On March 11, 2021, President Biden signed into law the American Rescue Plan Act (“ARPA”). The ARPA mandated several important changes for both employers and employees. One of these is potentially significant for both: full subsidies for employer-paid COBRA premiums. The ARPA requires employers to provide temporary, fully subsidized COBRA continuation coverage premiums for certain individuals for up to six months. Employers will be able to recover the subsidized premiums by claiming a tax credit.
The benefits provided to employers and employees are available to COBRA qualified beneficiaries (i.e., an employee, former employee, covered spouse, or covered dependent) who, with respect to a period of coverage during the period beginning on April 1, 2021, and ending on September 30, 2021, is eligible for and elects COBRA coverage due to a qualifying event of involuntary termination of employment or reduction of hours. These are known as an “assistance-eligible individuals” or “AEIs.”
COBRA benefits provided under the ARPA are generally available from April 1, 2021 to September 30, 2021. Eligibility for these benefits, however, may end earlier if the qualified beneficiary’s maximum period of coverage ends before September 30, 2021, or if the qualified beneficiary becomes eligible for coverage under another group health plan or Medicare.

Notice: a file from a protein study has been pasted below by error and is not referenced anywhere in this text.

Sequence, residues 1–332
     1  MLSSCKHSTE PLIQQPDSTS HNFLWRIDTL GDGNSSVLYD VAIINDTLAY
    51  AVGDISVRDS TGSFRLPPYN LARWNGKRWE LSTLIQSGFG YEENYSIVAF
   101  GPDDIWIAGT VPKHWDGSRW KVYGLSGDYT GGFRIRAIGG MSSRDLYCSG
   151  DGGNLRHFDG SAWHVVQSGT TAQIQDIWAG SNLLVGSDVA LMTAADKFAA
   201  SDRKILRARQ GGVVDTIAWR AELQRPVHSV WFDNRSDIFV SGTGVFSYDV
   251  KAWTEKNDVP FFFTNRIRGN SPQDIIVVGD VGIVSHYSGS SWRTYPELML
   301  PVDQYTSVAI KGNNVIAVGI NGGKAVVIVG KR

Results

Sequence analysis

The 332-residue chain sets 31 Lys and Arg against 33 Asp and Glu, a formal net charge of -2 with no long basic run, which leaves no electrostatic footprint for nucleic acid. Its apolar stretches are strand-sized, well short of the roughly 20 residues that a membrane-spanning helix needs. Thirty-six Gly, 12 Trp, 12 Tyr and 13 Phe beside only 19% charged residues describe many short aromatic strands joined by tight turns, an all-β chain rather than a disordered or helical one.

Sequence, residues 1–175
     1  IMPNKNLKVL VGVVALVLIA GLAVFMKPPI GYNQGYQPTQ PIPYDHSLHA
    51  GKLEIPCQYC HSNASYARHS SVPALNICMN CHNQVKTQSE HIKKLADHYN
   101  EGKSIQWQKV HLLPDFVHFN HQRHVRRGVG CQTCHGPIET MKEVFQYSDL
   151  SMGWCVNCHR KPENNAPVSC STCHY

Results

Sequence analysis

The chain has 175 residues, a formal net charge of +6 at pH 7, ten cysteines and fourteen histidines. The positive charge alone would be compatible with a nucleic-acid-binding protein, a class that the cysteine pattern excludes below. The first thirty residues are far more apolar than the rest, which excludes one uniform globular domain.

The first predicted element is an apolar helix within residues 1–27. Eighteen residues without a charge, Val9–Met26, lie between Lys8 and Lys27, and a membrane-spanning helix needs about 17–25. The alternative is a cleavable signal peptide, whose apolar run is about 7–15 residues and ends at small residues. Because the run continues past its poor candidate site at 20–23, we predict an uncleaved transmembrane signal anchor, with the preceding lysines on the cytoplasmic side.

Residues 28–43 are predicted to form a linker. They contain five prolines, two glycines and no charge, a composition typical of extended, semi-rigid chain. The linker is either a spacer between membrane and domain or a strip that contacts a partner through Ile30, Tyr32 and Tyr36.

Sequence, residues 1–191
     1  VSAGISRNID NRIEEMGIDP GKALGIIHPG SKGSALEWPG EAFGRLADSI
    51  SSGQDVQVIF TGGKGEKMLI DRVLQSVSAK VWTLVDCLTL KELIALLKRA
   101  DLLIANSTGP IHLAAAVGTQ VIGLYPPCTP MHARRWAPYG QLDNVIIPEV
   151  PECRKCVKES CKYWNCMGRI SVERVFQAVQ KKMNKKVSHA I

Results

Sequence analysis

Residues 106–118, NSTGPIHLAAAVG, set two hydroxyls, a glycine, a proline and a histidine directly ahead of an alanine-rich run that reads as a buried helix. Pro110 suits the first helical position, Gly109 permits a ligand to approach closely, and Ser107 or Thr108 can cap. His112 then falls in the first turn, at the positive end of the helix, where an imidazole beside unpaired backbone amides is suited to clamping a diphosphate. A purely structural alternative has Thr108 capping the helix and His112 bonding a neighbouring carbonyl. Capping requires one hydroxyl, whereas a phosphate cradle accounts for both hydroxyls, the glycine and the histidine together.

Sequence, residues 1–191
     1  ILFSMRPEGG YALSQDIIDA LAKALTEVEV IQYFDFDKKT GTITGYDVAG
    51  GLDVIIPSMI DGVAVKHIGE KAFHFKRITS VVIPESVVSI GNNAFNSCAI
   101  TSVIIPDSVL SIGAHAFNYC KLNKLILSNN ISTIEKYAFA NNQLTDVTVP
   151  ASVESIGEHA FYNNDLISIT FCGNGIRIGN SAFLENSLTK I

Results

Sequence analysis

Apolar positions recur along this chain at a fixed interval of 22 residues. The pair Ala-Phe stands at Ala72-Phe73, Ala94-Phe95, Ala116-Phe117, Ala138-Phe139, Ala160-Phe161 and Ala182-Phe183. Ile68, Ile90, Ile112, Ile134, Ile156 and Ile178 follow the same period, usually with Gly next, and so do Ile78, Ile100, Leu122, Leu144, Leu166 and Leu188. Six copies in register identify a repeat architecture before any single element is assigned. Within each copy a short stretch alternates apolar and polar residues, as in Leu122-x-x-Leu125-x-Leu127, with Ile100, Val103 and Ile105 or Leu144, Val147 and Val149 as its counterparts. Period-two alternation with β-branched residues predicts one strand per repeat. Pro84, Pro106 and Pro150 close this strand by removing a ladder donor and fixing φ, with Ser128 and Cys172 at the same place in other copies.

AEIs are also provided with an extended election period. The ARPA provides the opportunity to retroactively elect COBRA benefits or state benefits effective as of April 1, 2021 as a result of the new election. The new election period—in this case, 60 days—also applies if the employee elected but then discontinued COBRA coverage or otherwise declined to elect coverage. Employees who enrolled in COBRA coverage prior to the coverage period and continue to be enrolled during the coverage period are eligible for the subsidy.
The main benefit to employers is a quarterly tax credit against the Medicare payroll tax equal to the premium amounts not otherwise paid by the AEIs. If the credit amount exceeds the quarterly Medicare tax, the excess will be treated as an overpayment refundable under the Internal Revenue Code (the “Code”). Additionally, the quarterly credit may be paid in advance according to forms and instructions that will eventually be provided by the Department of Labor. During the time the AEI is receiving this benefit, they will not be able to claim the healthcare tax credit under Code Section 35. But, the premiums paid by the employer will be excluded from the former employee’s gross income.
Employers must provide notice to subsidy-eligible individuals at least 15 days and not more than 45 days before any COBRA premium payment subsidy ends, unless the AEI has obtained other group health plan coverage. The Department of Labor is expected to issue model notices in the near future.
More Recent Posts
Tax Law Insights
- Alabama Tax (1)
- Federal Tax (237)
- South Carolina Tax (125)